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How Local Advocates Want to Address Bushwick's Race, Class & Affordable Housing Issues — Community on Bushwick Daily

How Local Advocates Want to Address Bushwick's Race, Class & Affordable Housing Issues

An expert panel on gentrification versus affordable housing in New York City filled audience members with frustration—and hope.

Some of the most fraught issues faced by the Bushwick community were front and center last week at Rats, Cockroaches, Landlords: Housing in New York City, a panel discussion hosted by the New York City chapter of the Women's Information Network.

The well rounded group of professionals who took the stage to share their perspectives included the City's Public Advocate, Letitia (Tish) James, Aaron Carr, the founder of Housing Rights InitiativeBertha Lewis, the founder & president of The Black Institute, Ismene Speliotis, Executive Director of the Mutual Housing Association of New York, and Jessica Yager, the executive director NYU Furman Center for Real Estate and Urban Policy.

The panelists’ incisive, urgent statements effectively demonstrated the criticality of housing reform, and the charged atmosphere was palpable: Lewis told the assembled group that “Sometimes being nice gets you nowhere. We are in a crisis in NYC. We need to show our opinions bluntly with no sugar coating.”

The discussion centered around recent developments in affordable housing within NYC - including the East New York affordable housing plan spearheaded by the de Blasio administration under which the city plans to build both at market and below market in one of NYC’s poorest neighborhoods.

“[You] can’t build affordable if you don’t give developers their drug,” noted Bertha, explaining that the new plan—which the panelists agreed does little towards addressing the city's housing needs— isn’t tailored specifically to East New York, where the median income is $32,000, stating that of the roughly 4,000 units slated for the area, only 25% of them are available for $31,000 and under.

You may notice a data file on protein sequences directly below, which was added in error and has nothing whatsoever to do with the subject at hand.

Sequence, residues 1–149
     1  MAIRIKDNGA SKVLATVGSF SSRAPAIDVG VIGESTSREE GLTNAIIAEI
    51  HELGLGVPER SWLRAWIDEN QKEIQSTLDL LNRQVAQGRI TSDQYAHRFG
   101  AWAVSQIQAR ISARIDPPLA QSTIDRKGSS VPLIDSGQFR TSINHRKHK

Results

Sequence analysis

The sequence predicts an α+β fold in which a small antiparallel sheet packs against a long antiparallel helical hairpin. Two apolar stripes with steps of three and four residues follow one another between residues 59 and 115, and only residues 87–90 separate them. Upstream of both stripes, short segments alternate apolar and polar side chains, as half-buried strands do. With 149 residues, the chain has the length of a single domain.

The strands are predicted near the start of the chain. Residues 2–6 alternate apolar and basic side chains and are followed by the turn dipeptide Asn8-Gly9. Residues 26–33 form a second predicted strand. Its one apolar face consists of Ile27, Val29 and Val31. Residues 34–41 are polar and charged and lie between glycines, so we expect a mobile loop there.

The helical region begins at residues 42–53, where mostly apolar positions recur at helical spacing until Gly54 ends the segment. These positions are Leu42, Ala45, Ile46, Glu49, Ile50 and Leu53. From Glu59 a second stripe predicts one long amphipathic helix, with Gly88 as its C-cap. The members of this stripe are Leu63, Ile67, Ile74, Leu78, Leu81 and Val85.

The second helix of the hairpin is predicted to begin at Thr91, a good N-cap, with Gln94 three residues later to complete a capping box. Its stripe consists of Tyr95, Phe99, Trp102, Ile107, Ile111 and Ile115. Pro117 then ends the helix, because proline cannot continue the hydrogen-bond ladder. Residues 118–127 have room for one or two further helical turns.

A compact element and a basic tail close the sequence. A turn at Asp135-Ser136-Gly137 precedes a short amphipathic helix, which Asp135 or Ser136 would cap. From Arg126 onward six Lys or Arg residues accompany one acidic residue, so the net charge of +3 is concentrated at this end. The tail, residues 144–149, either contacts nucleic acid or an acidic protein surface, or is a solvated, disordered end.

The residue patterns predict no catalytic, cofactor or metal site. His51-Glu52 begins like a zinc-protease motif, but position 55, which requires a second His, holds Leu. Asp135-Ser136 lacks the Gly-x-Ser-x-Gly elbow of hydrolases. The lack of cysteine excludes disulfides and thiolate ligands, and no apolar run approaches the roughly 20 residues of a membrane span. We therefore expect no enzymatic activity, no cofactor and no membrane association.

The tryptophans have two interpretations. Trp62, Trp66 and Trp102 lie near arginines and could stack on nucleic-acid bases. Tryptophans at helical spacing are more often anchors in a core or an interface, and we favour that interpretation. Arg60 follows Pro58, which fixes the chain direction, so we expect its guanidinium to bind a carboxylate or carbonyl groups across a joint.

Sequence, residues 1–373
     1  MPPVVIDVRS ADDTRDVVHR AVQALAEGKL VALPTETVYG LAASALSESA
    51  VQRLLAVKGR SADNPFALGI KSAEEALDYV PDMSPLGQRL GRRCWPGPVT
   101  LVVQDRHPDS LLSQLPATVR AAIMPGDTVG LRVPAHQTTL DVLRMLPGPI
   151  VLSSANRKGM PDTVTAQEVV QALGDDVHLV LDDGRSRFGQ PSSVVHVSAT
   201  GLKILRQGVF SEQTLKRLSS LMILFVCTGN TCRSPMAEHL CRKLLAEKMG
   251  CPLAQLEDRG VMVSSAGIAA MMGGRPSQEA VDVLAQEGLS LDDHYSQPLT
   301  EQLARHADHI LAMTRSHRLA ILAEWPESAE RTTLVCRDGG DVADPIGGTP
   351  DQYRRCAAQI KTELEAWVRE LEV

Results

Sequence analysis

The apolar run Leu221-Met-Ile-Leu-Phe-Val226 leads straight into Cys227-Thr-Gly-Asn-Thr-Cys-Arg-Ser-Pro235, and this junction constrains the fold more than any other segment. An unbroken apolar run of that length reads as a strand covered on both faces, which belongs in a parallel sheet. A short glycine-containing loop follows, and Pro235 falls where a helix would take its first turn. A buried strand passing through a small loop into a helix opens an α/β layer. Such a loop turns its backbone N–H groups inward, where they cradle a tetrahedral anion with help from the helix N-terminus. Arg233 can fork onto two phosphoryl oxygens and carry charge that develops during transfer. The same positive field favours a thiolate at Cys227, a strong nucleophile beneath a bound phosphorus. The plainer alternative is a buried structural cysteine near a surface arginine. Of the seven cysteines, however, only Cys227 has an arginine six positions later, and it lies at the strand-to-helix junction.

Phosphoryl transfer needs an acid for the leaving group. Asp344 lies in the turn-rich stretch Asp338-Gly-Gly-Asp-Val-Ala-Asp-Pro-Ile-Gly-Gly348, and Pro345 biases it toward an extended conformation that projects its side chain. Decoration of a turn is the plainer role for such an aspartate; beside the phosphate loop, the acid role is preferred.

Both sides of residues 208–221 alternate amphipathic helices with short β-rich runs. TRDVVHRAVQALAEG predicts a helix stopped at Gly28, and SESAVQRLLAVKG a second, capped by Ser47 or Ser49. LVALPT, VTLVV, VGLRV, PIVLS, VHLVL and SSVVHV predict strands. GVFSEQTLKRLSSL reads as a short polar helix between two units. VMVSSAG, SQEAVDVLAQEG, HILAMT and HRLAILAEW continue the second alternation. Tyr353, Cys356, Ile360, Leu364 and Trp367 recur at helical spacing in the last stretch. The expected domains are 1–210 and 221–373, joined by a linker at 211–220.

Victories for affordable housing are too few and far between, but the panelists made a point of identifying successful affordable housing initiatives and discussing their strengths and weaknesses. Atlantic Yards (at 461 Dean Street) recently closed its housing lottery for places in the 363 unit building (half which are affordable) - a reality that has been 15 years in the making, said Speliotis. “There were over 83,000 online applications,” she said, “and seven bags of applications the size of me in the mail...the mayor needs to listen to the data. It’s empirical evidence of a huge problem.”

James, who moderated, recently made a case to the short term rental marketplace startup AirBnB, submitting testimony to its Chief Product Officer regarding evidence that the platform has no safeguards against racism.

Citing studies done by Harvard School of Business, James noted that guests who have “names that are distinctively African American” have a lower response rate, and that non-black hosts earned approximately 12% more than black hosts, which James believes could be addressed by eliminating the sharing of profile pictures and names entirely before a booking transaction occurs.

In addition to AirBnB’s lack of oversight on the potential for racially biased user interactions, local politicians, advocates, and independent data analysts also find that entire apartments being flipped and used for AirBnB year round threatens housing security for other residents of the neighborhoods such practices occur in. “[AirBnB] is taking a lot of affordable housing off of the market, too,” added James.

“Gentrification is not a dirty word, displacement is,” noted Speliotis. “What we know is that white young people are moving into neighborhoods of color. They are people with means who have a choice to go somewhere else who are occupying units and paying too much for a 3 bedroom apartment, the amount of space which should go to severely rent burdened families.”

When asked if there’s any hope for affordable housing in NYC, panelists were quick to affirm that there certainly is, stressing the importance of being critical, particularly of de Blasio.

“Don’t be a stranger in your building, don’t be a stranger on your street,” said Lewis in her closing remarks, encouraging us all to engage with one another, especially on theses types of issues. Indeed, we can't possibly understand one another if we aren't listening and communicating.

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